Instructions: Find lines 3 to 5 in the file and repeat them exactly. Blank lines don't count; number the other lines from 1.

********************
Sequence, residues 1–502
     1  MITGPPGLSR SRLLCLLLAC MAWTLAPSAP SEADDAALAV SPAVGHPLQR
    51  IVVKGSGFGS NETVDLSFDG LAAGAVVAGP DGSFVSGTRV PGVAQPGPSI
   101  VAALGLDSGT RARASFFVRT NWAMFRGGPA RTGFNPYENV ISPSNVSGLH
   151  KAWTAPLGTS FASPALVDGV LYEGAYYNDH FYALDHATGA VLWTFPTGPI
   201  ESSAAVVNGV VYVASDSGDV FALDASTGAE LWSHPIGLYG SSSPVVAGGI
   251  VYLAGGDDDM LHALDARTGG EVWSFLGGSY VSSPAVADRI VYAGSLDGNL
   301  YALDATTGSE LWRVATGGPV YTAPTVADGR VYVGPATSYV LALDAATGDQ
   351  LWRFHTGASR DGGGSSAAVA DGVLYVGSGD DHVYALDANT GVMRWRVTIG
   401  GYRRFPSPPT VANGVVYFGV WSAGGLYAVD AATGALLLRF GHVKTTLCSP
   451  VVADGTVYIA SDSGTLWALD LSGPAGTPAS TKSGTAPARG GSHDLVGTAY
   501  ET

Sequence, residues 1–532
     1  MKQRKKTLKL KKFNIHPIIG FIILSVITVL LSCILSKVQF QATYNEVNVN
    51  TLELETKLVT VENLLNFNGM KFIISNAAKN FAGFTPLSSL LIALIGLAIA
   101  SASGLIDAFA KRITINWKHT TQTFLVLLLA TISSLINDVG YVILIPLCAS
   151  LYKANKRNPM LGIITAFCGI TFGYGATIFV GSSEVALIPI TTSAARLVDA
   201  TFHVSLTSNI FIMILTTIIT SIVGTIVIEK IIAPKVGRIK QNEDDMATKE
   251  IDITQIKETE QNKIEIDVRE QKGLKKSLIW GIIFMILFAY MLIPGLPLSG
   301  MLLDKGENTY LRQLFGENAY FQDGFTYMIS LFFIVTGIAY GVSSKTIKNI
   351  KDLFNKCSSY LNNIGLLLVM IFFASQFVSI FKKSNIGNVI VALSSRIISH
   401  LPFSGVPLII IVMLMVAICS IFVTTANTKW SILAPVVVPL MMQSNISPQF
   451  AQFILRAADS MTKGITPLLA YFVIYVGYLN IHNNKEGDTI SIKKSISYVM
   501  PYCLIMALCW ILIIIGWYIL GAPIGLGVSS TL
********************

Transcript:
    51  IVVKGSGFGS NETVDLSFDG LAAGAVVAGP DGSFVSGTRV PGVAQPGPSI
   101  VAALGLDSGT RARASFFVRT NWAMFRGGPA RTGFNPYENV ISPSNVSGLH
   151  KAWTAPLGTS FASPALVDGV LYEGAYYNDH FYALDHATGA VLWTFPTGPI